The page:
At the same time, the state budget funding for the maintenance of land reclamation systems increases every year assuming in the calculation that one will carry out the maintenance work in all renovated land reclamation systems once a year. However, the audit detected that one did not carry out the maintenance work in all the refurbished land reclamation systems on an annual basis.

There is also a specific contradiction in the conditions for granting Latvian and European Union funding. It is clear from the maintenance and operating rules that one should prioritise the preservation of deteriorated land reclamation systems with progressive damage. In its turn, the European Union requirements provide for the maintenance of renovated land reclamation systems, which are in good condition.

The auditors conclude that one should establish a technologically modern, extensive, and up-to-date information on land reclamation systems and planned renovation and maintenance work funded by the state budget and European Union funds in Latvia. Also, the Ministry of Agriculture should ensure close cooperation among the institutions involved and coordinated supervision, first and foremost on all types of sharing systems since land reclamation systems are a single organism where damage to one stage affects any other stage of the system undoubtedly.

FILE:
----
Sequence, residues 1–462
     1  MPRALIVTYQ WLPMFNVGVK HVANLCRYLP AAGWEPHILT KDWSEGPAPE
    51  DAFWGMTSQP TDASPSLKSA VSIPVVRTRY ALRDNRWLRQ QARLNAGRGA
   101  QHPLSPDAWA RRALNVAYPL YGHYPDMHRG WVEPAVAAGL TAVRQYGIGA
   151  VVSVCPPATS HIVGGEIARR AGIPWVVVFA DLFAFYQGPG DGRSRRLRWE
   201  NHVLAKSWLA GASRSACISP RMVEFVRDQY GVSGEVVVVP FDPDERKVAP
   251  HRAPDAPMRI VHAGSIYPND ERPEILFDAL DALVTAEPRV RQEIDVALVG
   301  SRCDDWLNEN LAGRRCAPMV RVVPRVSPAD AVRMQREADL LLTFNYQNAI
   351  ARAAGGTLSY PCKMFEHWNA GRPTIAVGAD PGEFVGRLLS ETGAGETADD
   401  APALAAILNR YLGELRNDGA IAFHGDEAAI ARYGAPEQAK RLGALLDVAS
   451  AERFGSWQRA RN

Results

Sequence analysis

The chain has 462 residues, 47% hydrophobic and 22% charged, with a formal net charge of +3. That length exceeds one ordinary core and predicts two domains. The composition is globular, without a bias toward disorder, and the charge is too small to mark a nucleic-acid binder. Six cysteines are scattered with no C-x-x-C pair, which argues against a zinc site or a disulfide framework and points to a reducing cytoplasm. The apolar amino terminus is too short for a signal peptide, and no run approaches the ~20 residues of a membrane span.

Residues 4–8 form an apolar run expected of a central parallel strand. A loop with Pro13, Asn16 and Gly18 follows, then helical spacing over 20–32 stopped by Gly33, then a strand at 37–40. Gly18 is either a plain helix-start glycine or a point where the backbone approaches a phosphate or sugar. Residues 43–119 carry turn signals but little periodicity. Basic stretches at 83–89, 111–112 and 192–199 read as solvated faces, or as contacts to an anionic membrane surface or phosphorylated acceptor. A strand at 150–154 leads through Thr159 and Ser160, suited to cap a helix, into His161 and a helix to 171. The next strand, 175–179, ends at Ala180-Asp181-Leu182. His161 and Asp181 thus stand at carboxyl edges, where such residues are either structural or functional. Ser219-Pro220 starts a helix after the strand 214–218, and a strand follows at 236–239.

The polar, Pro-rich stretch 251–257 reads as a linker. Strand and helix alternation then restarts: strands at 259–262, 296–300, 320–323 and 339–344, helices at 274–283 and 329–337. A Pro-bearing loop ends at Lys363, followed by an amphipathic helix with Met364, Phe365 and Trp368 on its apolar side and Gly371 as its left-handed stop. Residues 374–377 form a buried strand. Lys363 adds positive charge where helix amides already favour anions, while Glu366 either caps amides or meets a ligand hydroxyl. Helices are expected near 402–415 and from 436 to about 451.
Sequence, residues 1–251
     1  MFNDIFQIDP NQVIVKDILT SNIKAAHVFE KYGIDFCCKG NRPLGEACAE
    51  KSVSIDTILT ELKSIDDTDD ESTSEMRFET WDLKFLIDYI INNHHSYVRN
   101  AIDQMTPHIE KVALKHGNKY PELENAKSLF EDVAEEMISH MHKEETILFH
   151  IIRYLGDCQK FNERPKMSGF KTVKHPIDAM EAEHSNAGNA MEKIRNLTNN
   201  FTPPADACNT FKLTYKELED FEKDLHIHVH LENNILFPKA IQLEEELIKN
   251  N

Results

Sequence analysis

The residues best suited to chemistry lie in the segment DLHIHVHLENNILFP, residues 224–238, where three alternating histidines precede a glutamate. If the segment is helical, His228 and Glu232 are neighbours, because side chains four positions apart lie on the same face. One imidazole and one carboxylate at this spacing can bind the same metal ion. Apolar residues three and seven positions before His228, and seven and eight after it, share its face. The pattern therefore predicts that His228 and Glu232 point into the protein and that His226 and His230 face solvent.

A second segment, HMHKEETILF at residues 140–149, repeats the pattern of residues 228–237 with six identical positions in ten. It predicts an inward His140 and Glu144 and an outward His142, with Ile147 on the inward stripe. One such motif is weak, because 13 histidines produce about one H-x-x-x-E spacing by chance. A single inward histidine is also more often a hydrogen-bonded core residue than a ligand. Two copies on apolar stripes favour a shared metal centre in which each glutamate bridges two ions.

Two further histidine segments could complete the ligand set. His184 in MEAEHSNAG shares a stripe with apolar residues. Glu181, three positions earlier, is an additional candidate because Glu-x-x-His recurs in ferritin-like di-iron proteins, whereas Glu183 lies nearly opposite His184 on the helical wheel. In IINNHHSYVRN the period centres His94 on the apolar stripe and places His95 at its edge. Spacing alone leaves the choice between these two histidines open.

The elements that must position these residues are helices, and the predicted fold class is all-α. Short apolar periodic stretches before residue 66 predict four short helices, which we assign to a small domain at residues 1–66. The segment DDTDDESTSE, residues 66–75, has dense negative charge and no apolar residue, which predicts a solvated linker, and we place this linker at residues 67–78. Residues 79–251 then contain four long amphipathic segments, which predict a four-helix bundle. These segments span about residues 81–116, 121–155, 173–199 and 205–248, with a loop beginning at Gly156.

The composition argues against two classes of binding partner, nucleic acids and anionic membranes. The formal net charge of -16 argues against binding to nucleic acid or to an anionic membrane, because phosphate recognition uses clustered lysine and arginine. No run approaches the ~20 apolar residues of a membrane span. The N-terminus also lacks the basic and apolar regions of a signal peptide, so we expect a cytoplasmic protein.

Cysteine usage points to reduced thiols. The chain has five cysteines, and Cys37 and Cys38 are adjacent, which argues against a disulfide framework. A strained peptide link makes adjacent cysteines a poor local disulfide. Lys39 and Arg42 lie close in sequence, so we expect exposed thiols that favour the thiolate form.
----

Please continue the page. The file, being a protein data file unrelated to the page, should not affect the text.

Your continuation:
The historical heritage of land reclamation is underestimated

According to estimates of the Latvian Hydrologist Association, the total value of all land reclamation systems is impressive, that is, at least seven billion euros. Historical evidence suggests that the origins of land reclamation in Latvia date back to late 18th century, but with the establishment of an independent state, the Land Reclamation Board was founded which planned and managed land reclamation systems, conducted studies in problem areas so that new farms could reclaim and cultivate their land further.

Most of the existing land reclamation systems were built during the Soviet period and adapted to the economic model of the time, that is, centralised planning and collective farms basically. Then, one paid much attention and resources to land reclamation; there was even the Ministry of Land Reclamation and Water Management and almost 20 thousand employees in this sector in Latvia.

The accountability structure changed radically with the restoration of Latvia’s independence when only a small part of it was recognised as a state-owned land reclamation system. Still, about 70% of the systems were transferred to landowners by vesting legal responsibility in them for the operation and maintenance of the systems by actually cancelling supervision over how they provided operation and maintenance. Currently, no one has renovated most federal land reclamation systems due to lack of funding for 30 years at least. The last comprehensive inventory of land reclamation systems in agricultural and forestlands was made 30 years ago. Research on land reclamation is also inadequate.

The State Audit Office appreciates the activities of auditees in communication with the public and owners of land reclamation systems that started at the end of the audit and hopes that the Ministry of Agriculture and state-owned “Zemkopības ministrijas nekustamie īpašumi” Ltd will actively implement the recommendations.